Mechanical Room Storage

By Brad Keyes…

Q: I have a storage question for you that relates to storing beds and other hospital equipment in our mechanical rooms. Is this allowed or would I be cited for storing things in the mechanical room?

 A: To be sure, mechanical rooms are designed to house mechanical equipment, and storage should not obstruct access to the mechanical equipment. According to the 2012 edition of the LSC, storage in mechanical rooms is not prohibited, but there are some exceptions and there are some requirements that you must meet. If the mechanical room opens onto an exit enclosure, section (9)(c) of the 2012 LSC now permits existing openings from mechanical spaces to exit enclosures to remain provided the door assembly is properly fire-rated; the mechanical space is not used for fuel-fire equipment; the space contains no storage of combustible materials; and the building is protected throughout by sprinklers. So, if that describes your situation, then storage of combustible materials such as beds (i.e. mattresses), and boxes of supplies would NOT be permitted. But where the mechanical room does not open onto an exit enclosure the items stored in the mechanical room must be orderly and neat. Storage cannot obstruct access to electrical panels, fire extinguishers, and fire alarm pull stations, and storage must be clear of all sprinklers located on a horizontal plane 18 inches below the sprinkler deflector. If the items stored in the mechanical room are combustible (cardboard boxes, paper or plastic wrapping, linens, etc.) then the mechanical room must meet normal hazardous room requirements. If the room is new (meaning if the room has been designated for storage on or after July 5, 2016) or was designed to meet new construction requirements, then it must be protected with automatic sprinklers and the walls constructed from the floor to the deck above with 1-hour fire rating, with a ¾ hour fire rated, self-closing, positive latching door. Be careful with this as new construction hazardous rooms were required to be 1-hour fire rated as far back as the 1967 edition of the LSC. If the room is considered existing (meaning the room was designated as storage before July 5, 2016 and there have not been any major renovations since), then it must be protected with automatic sprinklers with walls that are smoke resistant and extend from the floor to the ceiling, and protected with a 1 ¾ inch solid bonded wood core door that is smoke resistant and self-closing and positive latching, or if not sprinklered, then the room is required to be protected with 1-hour fire rated barriers. However, please check with your state and local authorities as they may have other codes or standards that may prohibit storage in a mechanical room.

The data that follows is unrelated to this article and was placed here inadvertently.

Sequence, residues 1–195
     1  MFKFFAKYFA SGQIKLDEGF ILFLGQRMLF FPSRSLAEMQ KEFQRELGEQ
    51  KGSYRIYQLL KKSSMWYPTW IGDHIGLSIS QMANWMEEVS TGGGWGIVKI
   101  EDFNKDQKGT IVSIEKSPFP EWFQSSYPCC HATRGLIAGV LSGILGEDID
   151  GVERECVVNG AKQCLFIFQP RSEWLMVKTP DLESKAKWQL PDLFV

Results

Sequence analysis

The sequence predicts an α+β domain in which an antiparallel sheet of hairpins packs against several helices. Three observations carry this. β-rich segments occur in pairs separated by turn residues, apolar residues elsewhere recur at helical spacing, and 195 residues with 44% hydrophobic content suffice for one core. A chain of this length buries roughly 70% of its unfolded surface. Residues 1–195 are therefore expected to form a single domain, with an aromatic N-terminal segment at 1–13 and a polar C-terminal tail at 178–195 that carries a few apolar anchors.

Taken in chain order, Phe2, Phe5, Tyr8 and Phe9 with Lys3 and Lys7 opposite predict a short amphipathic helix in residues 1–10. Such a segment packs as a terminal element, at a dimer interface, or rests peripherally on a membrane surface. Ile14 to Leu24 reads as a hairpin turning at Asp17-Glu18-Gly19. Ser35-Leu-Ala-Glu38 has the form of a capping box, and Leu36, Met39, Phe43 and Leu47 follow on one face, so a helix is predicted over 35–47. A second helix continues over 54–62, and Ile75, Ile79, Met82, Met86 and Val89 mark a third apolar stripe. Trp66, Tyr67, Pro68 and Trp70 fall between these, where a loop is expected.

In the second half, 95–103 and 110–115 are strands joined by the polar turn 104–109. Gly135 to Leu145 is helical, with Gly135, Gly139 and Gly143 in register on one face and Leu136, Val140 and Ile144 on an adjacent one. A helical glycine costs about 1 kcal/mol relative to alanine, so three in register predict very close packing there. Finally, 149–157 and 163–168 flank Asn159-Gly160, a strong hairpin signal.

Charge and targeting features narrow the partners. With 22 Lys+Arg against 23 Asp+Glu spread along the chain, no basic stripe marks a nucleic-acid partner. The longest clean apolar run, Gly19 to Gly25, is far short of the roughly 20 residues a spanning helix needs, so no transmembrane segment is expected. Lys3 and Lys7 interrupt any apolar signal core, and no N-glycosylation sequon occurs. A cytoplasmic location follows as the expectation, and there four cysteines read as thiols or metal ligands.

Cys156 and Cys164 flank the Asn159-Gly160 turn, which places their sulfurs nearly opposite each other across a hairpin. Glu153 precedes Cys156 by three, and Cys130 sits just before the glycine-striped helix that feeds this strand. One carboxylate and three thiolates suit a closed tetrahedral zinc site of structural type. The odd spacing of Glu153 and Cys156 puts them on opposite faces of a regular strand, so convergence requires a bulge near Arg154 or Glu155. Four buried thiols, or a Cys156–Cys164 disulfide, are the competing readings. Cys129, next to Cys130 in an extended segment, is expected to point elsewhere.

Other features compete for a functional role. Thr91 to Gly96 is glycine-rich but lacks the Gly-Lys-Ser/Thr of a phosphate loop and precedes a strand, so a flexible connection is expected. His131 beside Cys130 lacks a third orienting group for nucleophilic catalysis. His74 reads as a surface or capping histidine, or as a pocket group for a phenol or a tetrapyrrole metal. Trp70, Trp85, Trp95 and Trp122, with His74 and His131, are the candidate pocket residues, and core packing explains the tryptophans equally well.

Brad Keyes
Brad Keyes, CHSP

Brad is a former advisor to Healthcare Facilities Accreditation Program (HFAP) and former Joint Commission LS surveyor. He guides clients through  organizational assessment; management training; ongoing coaching of task groups; and extensive one-on-one coaching of facility leaders. He analyzes and develops leadership effectiveness and efficiency in work processes, focusing on assessing an organization’s preparedness for a survey, evaluating processes in achieving preparedness, and guiding organizations toward compliance. 

As a presenter at national seminars, regional conferences, and audio conferences, Brad teaches the Keyes Life Safety Boot Camp series to various groups and organizations. He is the author or co-author of many HCPro books, including the best-selling  Analyzing the Hospital Life Safety Survey, now in its 3rd edition. Brad has also authored a variety of articles in numerous publications addressing features of life safety and fire protection, as well as white papers and articles on the Building Maintenance Program. Currently serving as the contributing editor of the monthly HCPro newsletter Healthcare Life Safety Compliance  gives Brad further insight into the industry’s trends and best practices.